12/14/2006, 00.00
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Hmong’s war continues 30 years after peace

Yesterday more than 400 Hmong surrendered to the Laotian army after fighting from the jungle for 30 years since the end of the war in 1975. Their predicament has been forgotten by all whilst for Laotian authorities they are just “bandits”. Thailand is getting ready to sending back hundreds of Hmong refugees.

Vientiane (AsiaNews/Agencies) – More than 400 ethnic Hmong surrendered in Laos after being on the run for three decades since the end of the war. Thailand meanwhile wants to repatriate 152 Hmong refugees.

The surrendering group's chief accompanied 405 people, mostly children, to Ban Ha village before withdrawing back to the jungle with a few of his guerrillas, said a dispatch from a U.S.-based Fact Finding Commission based on information received by satellite phone.

The chief of the village where they surrendered served them a meal of rice and pork before troops took charge of them driving them to an unknown destination.

In Laos tens of thousands of Hmong fought on the side US-backed government during the civil war (1969-1975). When the Communists of the Pathet Lao won, some 300,000 Laotians fled, especially Hmong. Many however chose to find refuge in the forests fearing retaliation or refusing peace and fought the Laotian army ever since. Increasingly isolated and hungry, many have sought refuge in Thailand.

Amnesty International has repeatedly charged the Laotian government of serious human rights violations against the Hmong. Vientiane has always rejected the claims and insisted that the fighter were just “bandits”.

According to the Fact Finding Commission, a similar surrender in June last year of about 170 people took place, but foreign diplomats and international NGOs were not allowed to see them. Many fled to Thailand afterward because of poor living conditions. But they are persona non grata in Thailand.

Now Bangkok wants to forcibly repatriate 152 Hmong refugees and asylum seekers. At least 104 members of this group have been recognized as refugees by the United Nations High Commissioner for Refugees. The group also includes 77 children and eight infants. They claimed they fled persecution at the hands of Laotians authorities because of their alleged connection with ethnic Hmong resistance groups in Laos.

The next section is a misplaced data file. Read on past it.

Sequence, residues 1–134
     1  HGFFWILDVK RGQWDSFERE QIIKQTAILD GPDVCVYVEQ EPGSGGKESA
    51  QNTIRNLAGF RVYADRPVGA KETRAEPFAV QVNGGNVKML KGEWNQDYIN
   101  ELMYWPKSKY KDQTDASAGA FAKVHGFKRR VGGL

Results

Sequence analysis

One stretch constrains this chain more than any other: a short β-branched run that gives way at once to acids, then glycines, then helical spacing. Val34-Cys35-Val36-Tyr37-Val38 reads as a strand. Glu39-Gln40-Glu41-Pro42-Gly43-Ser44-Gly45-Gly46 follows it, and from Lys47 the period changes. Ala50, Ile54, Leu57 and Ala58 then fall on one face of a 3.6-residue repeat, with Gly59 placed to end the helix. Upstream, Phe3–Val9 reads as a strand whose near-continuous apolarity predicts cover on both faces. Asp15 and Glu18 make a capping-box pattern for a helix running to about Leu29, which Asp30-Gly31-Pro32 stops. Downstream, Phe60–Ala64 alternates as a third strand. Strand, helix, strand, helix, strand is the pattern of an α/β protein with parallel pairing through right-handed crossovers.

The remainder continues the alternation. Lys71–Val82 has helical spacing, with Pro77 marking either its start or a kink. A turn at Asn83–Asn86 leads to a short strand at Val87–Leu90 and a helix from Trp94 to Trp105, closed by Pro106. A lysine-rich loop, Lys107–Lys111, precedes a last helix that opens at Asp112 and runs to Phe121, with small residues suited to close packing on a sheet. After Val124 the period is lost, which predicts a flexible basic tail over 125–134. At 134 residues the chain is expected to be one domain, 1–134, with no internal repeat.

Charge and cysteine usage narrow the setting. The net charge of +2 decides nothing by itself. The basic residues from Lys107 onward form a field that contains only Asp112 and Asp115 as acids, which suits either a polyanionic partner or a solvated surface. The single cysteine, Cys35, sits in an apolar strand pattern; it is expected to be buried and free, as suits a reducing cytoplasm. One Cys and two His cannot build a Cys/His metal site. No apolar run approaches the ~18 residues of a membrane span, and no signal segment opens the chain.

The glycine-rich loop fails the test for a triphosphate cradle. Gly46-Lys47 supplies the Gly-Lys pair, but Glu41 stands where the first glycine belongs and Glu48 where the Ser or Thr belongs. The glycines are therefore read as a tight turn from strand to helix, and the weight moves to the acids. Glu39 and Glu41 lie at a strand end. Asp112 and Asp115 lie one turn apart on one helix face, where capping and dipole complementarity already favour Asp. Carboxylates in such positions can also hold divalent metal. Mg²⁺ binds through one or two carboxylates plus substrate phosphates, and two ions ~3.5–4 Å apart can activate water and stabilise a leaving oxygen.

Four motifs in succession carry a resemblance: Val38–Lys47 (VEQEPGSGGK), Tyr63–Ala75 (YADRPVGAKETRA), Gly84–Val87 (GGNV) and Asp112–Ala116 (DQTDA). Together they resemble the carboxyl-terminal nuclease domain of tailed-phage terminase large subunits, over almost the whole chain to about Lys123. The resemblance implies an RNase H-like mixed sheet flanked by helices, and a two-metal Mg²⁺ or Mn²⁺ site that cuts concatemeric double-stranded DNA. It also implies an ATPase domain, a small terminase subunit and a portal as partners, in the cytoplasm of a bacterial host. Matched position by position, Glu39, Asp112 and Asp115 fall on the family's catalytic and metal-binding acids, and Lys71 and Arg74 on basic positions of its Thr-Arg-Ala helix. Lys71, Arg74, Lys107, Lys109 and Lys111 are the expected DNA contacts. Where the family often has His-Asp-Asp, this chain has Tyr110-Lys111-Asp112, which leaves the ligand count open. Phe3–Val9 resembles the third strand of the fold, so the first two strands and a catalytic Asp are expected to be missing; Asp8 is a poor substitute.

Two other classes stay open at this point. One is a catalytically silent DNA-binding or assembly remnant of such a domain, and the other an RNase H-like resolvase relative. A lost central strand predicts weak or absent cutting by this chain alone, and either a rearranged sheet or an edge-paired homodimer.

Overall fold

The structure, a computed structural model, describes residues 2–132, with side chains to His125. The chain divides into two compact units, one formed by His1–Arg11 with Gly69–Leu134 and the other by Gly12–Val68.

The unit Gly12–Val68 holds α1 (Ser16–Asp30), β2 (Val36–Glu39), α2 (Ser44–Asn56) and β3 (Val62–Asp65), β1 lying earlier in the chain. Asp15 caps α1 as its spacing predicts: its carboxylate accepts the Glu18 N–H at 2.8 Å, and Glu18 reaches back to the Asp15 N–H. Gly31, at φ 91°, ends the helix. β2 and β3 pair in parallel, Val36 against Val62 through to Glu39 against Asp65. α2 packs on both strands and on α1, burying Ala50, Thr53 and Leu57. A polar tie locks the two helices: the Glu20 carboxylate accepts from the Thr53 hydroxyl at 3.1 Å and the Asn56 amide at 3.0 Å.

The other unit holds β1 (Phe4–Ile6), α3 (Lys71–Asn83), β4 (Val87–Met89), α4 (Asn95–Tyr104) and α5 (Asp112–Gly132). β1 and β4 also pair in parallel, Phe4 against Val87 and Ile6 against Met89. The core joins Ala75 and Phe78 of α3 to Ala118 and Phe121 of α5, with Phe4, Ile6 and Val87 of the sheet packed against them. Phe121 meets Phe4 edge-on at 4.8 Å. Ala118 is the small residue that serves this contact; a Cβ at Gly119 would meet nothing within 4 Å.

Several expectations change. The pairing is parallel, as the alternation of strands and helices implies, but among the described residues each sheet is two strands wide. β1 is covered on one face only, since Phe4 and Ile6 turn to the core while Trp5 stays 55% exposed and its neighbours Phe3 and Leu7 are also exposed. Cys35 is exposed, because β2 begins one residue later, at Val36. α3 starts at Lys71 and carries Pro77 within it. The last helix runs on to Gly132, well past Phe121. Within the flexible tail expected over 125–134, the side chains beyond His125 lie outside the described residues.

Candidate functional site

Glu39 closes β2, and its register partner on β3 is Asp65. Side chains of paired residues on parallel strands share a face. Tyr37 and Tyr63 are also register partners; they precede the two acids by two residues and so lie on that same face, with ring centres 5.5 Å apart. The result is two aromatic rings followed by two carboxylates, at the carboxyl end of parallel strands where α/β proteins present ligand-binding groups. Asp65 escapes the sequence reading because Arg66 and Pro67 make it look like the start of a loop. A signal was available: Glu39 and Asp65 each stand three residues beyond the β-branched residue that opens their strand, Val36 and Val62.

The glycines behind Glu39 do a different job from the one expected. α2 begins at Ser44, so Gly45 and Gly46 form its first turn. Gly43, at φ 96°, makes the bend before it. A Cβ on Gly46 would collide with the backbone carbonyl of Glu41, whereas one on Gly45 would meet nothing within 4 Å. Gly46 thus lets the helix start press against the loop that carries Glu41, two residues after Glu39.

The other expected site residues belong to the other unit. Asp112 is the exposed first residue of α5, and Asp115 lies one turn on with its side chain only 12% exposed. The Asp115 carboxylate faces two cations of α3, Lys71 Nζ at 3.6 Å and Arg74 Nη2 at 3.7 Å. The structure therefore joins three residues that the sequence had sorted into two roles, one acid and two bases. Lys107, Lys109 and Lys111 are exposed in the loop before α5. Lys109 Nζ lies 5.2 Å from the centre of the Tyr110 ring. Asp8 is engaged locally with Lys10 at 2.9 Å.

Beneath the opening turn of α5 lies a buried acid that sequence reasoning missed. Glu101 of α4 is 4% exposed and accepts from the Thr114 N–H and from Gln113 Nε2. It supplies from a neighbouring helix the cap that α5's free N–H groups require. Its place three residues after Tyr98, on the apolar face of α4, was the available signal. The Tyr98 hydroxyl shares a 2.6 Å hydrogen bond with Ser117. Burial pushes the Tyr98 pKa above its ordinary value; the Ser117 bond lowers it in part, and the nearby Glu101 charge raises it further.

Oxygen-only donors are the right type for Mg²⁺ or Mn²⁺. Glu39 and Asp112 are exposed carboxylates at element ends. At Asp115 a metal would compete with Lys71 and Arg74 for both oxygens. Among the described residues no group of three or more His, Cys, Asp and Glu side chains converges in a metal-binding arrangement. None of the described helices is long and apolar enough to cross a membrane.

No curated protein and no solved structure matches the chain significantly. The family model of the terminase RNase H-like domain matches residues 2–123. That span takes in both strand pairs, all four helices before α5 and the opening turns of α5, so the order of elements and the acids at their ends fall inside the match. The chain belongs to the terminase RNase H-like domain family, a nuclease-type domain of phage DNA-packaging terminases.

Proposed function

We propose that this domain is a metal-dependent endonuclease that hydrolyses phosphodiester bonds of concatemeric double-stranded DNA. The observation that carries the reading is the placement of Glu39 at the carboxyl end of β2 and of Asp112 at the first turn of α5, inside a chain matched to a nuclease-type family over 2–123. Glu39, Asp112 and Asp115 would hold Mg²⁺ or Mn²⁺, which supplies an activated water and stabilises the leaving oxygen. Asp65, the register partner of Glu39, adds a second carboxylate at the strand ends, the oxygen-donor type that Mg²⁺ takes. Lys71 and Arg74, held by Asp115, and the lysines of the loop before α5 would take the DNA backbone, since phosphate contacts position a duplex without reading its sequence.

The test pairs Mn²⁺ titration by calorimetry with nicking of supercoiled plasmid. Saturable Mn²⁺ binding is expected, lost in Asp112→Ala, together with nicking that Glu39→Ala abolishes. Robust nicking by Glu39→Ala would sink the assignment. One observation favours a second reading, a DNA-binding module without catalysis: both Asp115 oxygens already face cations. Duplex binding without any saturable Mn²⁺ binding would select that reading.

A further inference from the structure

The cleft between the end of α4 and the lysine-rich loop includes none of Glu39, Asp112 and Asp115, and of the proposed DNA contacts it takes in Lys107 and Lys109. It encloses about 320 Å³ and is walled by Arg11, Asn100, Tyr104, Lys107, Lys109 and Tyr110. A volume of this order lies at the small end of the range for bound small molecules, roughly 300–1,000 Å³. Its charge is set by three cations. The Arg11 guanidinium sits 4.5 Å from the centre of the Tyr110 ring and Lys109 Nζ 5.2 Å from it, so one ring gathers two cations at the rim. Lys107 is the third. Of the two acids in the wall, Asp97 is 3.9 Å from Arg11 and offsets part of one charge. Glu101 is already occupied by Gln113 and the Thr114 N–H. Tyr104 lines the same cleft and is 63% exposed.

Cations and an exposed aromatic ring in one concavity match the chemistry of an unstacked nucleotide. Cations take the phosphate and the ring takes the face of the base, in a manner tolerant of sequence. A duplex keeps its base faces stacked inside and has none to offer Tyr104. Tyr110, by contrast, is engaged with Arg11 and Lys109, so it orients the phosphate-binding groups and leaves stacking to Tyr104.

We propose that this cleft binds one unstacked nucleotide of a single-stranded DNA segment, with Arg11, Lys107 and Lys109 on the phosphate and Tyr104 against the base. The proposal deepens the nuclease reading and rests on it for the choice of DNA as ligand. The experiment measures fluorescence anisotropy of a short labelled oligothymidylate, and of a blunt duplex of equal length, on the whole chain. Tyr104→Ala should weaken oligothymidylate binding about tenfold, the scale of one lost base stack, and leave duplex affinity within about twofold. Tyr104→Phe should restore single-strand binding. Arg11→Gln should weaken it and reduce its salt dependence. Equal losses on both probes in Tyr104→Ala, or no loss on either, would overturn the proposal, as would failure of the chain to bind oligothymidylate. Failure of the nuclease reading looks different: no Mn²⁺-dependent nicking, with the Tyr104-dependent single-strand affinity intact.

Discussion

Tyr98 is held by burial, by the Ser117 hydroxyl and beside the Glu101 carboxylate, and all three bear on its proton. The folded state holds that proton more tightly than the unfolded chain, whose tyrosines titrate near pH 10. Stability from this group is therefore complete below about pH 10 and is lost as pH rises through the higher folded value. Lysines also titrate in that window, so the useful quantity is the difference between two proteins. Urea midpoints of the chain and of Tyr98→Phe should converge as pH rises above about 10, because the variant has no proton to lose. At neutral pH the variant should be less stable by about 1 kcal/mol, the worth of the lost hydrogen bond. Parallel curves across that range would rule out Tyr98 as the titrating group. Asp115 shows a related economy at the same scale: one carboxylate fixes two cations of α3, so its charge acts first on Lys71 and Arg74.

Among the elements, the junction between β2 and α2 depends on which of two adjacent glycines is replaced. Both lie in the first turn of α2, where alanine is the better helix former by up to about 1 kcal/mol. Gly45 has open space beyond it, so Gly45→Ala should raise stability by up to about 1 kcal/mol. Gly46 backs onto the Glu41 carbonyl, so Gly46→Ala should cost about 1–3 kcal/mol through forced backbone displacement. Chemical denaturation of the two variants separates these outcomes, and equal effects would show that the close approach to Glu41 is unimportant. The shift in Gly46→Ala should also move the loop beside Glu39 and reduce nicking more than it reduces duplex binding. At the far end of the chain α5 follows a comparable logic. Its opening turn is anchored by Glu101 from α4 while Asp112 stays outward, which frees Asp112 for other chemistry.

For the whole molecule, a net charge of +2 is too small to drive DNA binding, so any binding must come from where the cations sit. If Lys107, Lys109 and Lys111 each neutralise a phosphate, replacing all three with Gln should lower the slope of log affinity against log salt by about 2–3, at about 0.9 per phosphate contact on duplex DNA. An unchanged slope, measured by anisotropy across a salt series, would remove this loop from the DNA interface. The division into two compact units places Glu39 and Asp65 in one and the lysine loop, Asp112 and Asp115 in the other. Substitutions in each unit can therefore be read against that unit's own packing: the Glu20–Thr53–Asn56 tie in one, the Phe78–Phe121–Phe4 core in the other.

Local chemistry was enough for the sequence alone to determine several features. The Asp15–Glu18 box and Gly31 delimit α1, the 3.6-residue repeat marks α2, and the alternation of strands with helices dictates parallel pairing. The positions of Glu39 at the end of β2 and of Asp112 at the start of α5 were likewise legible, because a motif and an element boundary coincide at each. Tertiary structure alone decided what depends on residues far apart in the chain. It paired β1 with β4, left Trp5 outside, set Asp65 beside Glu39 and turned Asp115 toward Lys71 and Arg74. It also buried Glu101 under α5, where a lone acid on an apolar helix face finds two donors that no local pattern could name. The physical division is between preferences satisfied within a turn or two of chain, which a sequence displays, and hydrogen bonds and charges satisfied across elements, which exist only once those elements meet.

The 152 Hmong were arrested on November 17 in a police round-up after they escaped from Ban Huay Nam Khao shelter in Phetchabun province. They were transferred on December 7 to a detention facility in Nong Khai province, near the border with Laos. And according to Human Rights Watch, Bangkok is getting ready to deport them.

Thailand should not forcibly return Hmong who may face persecution when they go back to Laos,” said Brad Adams, Asia director at Human Rights Watch.

In December 2005, the Thai government of Thaksin Shinawatra forcibly returned 27 Hmong asylum seekers—most of them children separated from their parents—to Laos. A similar deportation took place again after Prime Minister Surayud came to office. On November 15, 2006, 53 Hmong asylum seekers were handed over to Lao authorities. The whereabouts of these returnees remains unknown, as no international human rights organisations has had access to them in Laos.

But given the reports by Lao official media that the groups would go through “re-education,” there are fears that they may be subjected to the kinds of human rights violations that have been a feature of “re-education” camps in Laos, such as arbitrary detention, torture and ill-treatment. (PB)


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See also
Thailand stops forced repatriation of 153 Hmong
Forced repatriation of 6,000 Laotian Hmong refugees
Thais begin deporting Hmong to Laos
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